Donate if you can! No donation is too small OR too large to keep these critical entities open, vibrant and successful. Unlike in 2020 and 2021, arts entities are no longer able to take advantage of several grants and federal funding to help pay their actors, staffs and expenses that were available during the shutdown. These funding sources are now expired and yet theaters are still being adversely impacted to a huge extent with every new variant or spike in positive cases.

Volunteer! Front end staff members have also been hit hard by the virus. Check with your favorite theaters and see if they need ushers, ticket takers, or other volunteers to help with a show.

Reconsider Refunds! If you bought a ticket for a show that unfortunately has to be cancelled, consider either donating the refund back to the theater or taking a credit for a future show in lieu of receiving a refund directly. This action will greatly help theaters with their cash flows during times of cancelled show weeks.

Corporate Sponsor of the Month
Our corporate sponsor of the month is the Fred Schnider Investment Group – a real estate investment and development firm specializing in urban and suburban mixed-use and residential properties. Since 1940, the company has been building beautiful and thriving communities in the Washington, DC area and have always been committed to creating places that attract new opportunity and limitless possibility. The Fred Schnider Gallery of Art, located in Ballston’s Liberty Center, showcases the work of local artists to the community. Driven by the important cultural role that the art community contributes to the quality of our lives, the Gallery is a creative space where artists and those who love art can come together.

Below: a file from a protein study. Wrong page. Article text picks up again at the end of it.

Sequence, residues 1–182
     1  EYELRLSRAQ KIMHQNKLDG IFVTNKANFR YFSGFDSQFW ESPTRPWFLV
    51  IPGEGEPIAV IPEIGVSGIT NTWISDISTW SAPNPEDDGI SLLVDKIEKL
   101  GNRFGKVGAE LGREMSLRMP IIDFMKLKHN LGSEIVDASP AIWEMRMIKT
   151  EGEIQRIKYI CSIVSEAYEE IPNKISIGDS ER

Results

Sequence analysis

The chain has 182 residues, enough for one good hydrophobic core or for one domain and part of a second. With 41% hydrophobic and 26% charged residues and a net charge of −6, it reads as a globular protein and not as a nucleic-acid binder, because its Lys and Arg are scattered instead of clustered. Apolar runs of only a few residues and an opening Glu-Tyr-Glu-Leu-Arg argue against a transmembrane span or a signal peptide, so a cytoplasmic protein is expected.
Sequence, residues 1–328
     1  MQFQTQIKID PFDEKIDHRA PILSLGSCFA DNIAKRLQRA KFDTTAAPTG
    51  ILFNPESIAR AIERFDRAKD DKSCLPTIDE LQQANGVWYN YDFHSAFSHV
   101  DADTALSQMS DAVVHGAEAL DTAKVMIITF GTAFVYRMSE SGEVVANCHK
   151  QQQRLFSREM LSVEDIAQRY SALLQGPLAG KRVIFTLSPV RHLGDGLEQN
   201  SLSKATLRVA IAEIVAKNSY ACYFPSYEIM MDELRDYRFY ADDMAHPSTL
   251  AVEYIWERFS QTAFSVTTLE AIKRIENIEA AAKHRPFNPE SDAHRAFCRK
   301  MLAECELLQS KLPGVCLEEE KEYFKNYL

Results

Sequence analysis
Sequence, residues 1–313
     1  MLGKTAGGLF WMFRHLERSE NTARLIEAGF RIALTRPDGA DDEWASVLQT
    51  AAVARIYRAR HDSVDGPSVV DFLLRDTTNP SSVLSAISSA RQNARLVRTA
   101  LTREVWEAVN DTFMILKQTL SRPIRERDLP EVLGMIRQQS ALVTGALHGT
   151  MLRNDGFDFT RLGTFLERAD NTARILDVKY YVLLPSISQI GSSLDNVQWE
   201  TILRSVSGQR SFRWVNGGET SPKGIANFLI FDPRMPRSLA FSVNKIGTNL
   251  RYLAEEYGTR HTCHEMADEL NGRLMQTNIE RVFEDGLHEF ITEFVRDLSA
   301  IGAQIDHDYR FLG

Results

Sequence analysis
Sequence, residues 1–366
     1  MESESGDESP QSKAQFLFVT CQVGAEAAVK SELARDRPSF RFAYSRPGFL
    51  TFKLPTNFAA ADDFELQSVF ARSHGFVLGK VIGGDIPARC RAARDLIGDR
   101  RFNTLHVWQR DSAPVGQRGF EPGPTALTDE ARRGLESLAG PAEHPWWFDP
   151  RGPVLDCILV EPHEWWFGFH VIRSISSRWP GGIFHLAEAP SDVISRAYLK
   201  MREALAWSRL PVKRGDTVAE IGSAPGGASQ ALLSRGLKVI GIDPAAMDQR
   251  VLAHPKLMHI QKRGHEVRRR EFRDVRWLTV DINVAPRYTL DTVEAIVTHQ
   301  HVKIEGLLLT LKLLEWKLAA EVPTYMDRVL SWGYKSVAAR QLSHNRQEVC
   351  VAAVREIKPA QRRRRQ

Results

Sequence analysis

“Embracing Arlington Arts Talks” Podcast:
We covered some new arts genres during our March podcasts. First, we caught up with the Executive Director of the DC History Center Laura Hagood who updated our listeners on the reopening of the Center, what visitors can see, the current exhibit entitled “”The Big Picture” featuring panoramic photographs blown up life-sized, and what they are doing on the EDI front.

Next we turned to the film sector with our interview with Prof. Lucy Gebre-Egziabher, Founder of the Cinema Academy and the NOVA Student Film Festival who enlightened us on the many benefits of film making for students of all ages. Then we traveled to the visual arts genre with a chat with artist Marsha Lederman who educated us about the unique ceramics artmaking process. The following week we remained in the visual arts world and a discussion with artist Mary Annella Frank about another unique art form – using steel – and her current exhibition at the Fred Schnider Gallery of Art.

To listen to any of our interviews, follow this link. And if you have not already done so, please follow us on Apple Podcast, Spotify, GooglePodcast, or Amazon Music so you don’t miss any episodes.

Media Hits:
Arlington arts organizations continued to benefit from our subscription to ArlNow’s Community Posts and published columns about their upcoming events. The Arlington Players (TAP) used the opportunity to provide details about their “Night of One Acts” being presented through April 10. Also, Festival Argentino was able to promote their 35th Festival coming up on May 21st.

If you would like to support the work of Embracing Arlington Arts by making a donation, here’s how:
*  Make tax-deductible contributions online.
*  Tax-deductible contributions by check: check made out to Embracing Arlington Arts and send it to Embracing Arlington Arts, 754 North Vermont Street, Arlington, VA 22203
*  Make Embracing Arlington Arts your AmazonSmile charity and shop with this link.

Every dollar helps us help artists and arts organizations in so many ways.

Thank you in advance!